New Directions, Fitzcarraldo Editions, and Giramondo are pleased to announce the shortlist for The Novel Prize, a biennial award for a book-length work of literary fiction written in English by published and unpublished writers around the world.

The shortlist, selected from close to 700 submissions worldwide, is as follows:

– Jonathan Buckley’s Tell, a novel in two parts that forms a complex examination of biography as an art form, and the slipperiness of representation. The first part is presented as a series of interview transcripts with a woman who worked as a gardener for a wealthy businessman and art collector, who has disappeared, and may or may not have committed suicide. One of the principal characters in this monologue is a journalist whose first (unpublished) book was a fictionalised biography of a Viennese woman whom she befriended in the last years of this woman’s very long life, and whose work is in the businessman’s collection. The second part is a monologue consisting of a sequence of short texts written by this woman, who is extrapolating her story from a collection of photographs that date back to the interwar years. This reconstituted life differs in certain crucial respects from the biography created by the journalist, raising questions about the difficulty, or impossibility, of accurately capturing a life through writing. Jonathan Buckley is a writer, editor and teacher from the West Midlands, now living in Brighton. Since 2003 he has been a Fellow and an Advisory Fellow of the Royal Literary Fund. In 2015 he won the BBC National Short Story Award for “Briar Road.” He regularly contributes to publications including the Times Literary Supplement. Tell is his twelfth novel.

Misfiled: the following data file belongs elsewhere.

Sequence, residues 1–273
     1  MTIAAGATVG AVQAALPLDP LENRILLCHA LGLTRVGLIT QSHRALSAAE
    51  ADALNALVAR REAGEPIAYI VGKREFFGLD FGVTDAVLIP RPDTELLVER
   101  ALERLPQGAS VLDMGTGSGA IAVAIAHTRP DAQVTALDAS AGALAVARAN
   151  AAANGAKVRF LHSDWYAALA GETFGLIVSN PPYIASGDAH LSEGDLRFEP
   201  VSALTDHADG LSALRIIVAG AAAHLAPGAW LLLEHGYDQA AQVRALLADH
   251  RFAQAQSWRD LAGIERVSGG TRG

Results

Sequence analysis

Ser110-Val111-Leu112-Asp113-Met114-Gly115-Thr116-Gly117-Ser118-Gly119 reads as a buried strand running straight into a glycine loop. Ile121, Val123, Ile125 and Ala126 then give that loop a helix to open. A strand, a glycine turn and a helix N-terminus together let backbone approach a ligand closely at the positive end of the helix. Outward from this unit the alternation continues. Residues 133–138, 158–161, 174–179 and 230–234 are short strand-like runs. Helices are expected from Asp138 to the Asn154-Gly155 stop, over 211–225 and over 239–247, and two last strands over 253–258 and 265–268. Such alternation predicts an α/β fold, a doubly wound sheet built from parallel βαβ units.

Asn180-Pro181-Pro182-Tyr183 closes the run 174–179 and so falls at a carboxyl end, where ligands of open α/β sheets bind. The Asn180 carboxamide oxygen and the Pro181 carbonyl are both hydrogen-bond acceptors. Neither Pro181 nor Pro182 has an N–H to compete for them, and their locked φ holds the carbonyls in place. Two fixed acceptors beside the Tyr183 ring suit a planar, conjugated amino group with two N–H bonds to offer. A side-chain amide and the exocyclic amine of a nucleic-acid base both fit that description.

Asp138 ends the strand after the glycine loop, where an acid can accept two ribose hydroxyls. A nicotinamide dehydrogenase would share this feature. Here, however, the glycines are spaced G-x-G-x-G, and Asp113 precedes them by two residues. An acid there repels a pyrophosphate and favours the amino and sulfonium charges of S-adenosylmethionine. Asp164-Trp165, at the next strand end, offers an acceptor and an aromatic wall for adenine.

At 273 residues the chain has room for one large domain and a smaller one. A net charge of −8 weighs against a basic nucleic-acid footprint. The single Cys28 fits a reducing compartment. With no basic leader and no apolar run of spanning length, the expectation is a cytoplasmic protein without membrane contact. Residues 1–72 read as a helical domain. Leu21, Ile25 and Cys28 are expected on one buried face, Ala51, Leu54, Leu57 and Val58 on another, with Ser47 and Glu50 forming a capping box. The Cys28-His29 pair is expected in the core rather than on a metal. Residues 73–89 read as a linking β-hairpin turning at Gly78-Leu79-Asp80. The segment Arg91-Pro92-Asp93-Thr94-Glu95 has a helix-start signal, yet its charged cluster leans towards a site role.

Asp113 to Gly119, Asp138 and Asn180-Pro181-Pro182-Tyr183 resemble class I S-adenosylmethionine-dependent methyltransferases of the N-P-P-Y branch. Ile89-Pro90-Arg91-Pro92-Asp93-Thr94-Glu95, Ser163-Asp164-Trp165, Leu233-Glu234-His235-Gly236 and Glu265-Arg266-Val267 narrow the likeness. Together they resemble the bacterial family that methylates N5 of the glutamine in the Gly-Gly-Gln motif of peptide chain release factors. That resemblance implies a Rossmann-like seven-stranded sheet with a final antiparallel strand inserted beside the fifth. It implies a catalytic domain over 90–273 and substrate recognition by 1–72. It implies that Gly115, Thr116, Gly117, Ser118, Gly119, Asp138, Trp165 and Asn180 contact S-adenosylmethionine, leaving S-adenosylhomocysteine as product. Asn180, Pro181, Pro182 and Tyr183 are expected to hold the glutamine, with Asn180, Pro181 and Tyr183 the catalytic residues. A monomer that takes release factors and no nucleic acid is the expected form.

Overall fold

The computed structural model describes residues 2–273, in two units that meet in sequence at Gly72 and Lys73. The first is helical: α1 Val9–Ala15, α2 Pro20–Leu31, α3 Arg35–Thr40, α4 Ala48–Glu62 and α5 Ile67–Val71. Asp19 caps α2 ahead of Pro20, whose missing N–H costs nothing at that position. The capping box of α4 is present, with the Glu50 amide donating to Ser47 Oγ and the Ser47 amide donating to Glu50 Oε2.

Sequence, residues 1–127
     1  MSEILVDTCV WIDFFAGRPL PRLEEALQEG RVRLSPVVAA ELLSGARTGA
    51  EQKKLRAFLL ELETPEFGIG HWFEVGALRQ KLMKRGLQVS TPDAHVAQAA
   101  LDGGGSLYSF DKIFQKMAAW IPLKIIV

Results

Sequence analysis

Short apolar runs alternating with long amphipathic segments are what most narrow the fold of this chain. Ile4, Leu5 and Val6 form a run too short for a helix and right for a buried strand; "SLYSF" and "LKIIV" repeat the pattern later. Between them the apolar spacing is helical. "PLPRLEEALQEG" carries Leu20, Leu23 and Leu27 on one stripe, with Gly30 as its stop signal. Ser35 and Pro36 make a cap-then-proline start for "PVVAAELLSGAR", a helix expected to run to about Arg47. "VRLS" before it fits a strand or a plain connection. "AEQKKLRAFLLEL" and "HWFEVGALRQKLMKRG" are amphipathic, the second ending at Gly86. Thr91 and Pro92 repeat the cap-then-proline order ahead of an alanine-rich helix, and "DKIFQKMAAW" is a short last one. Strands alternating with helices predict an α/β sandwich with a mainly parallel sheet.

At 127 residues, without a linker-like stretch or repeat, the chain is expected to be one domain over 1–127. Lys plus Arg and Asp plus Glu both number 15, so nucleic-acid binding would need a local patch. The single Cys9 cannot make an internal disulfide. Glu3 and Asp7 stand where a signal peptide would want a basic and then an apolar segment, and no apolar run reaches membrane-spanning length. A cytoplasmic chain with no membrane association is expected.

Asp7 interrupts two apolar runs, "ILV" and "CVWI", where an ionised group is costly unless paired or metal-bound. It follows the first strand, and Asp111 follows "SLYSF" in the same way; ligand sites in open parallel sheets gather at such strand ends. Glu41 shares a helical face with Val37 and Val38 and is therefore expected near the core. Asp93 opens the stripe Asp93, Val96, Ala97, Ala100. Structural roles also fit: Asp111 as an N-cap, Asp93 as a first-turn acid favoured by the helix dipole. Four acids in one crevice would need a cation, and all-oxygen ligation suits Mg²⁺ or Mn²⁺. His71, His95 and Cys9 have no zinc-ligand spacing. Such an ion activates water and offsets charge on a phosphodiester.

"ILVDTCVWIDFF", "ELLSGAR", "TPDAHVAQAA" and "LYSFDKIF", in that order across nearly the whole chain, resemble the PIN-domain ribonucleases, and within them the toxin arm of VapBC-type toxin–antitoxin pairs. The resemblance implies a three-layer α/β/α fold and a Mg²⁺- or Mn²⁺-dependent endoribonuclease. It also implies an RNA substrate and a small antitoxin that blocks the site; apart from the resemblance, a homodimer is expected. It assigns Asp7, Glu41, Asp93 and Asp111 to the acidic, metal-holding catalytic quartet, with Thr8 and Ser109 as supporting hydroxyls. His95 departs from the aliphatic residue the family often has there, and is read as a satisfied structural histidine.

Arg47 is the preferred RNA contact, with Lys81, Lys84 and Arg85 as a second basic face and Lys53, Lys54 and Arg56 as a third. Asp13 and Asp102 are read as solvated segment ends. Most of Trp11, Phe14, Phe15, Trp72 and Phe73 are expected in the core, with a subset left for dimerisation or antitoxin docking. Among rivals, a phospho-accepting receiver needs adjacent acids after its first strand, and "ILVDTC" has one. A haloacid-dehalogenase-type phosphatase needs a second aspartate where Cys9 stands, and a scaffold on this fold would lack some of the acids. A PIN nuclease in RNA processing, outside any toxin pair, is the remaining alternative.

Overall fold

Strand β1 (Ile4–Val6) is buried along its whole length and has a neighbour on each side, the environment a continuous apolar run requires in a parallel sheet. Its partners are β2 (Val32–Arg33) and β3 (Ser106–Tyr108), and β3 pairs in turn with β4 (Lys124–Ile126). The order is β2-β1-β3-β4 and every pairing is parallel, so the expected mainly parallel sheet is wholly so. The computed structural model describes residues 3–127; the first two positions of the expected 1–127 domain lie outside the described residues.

– Darcie Dennigan’s Forever Valley, a novel narrated by an unnamed orphan left by a grave as a child and taken in by the cemetery’s groundskeeper. One summer, between childhood and adulthood, she becomes possessed by the sometimes hideously erotic tendrils of flowers she is tending and is sent away to live with a pair of sisters who are the town’s tombstone carvers. This ambitious and imaginative novel is part revenge fantasy, part ghost story and part bildungsroman. Darcie Dennigan is a poet and writer who lives in Providence, RI, where she directs the Spatulate Church Emergency Shift, a poets’ theater collective.

– Marie Doezema’s Aurora Australis. Ghislaine is a French-American scientist working at a remote base in Antarctica. During her nine months on base, she struggles with the daily challenges of living in a perpetually dark and sub-freezing environment, but her real conflict comes in the form of memories and dreams. She reflects on the early loss of her mother, the loneliness of growing up as an orphan on a farm in Normandy, and her eventual move to the United States for school and work. After an initially promising career at a prominent East Coast university is thwarted by the predatory behaviour of her boss, she moves to a remote birding station in South America, where for the first time she opens her heart to someone else. Now, in the quietude of Antarctica, Ghislaine reckons with the trauma and beauty of her life. Aurora Australis is a deeply moving meditation on mothering, loss and climate change, streaked with joy like the lights of its namesake. Marie Doezema lives in Paris. Her journalism has appeared in the New Yorker, The Atlantic, and the New York Times. She currently works at Columbia University’s Global Center in Paris. Aurora Australis is her first novel.

– Florina Enache’s Palimpsest, a novel set in a country oppressed by a totalitarian regime, depicts the days leading up to the mass celebration of National Day, in which citizens are ordered to the capital city to take part in the great spectacle. Told in three female voices, the novel plays witness to fear, uncertainty and brutality, but also to generosity and friendship. Florina Enache’s debut collection of stories An-Tan-Tiri Mogodan was shortlisted in the 2020 New South Wales Premier’s Literary Award for new writing. She was born and raised in Romania, where she studied English language and literature and worked as a translator, and in 2005 she emigrated to Australia.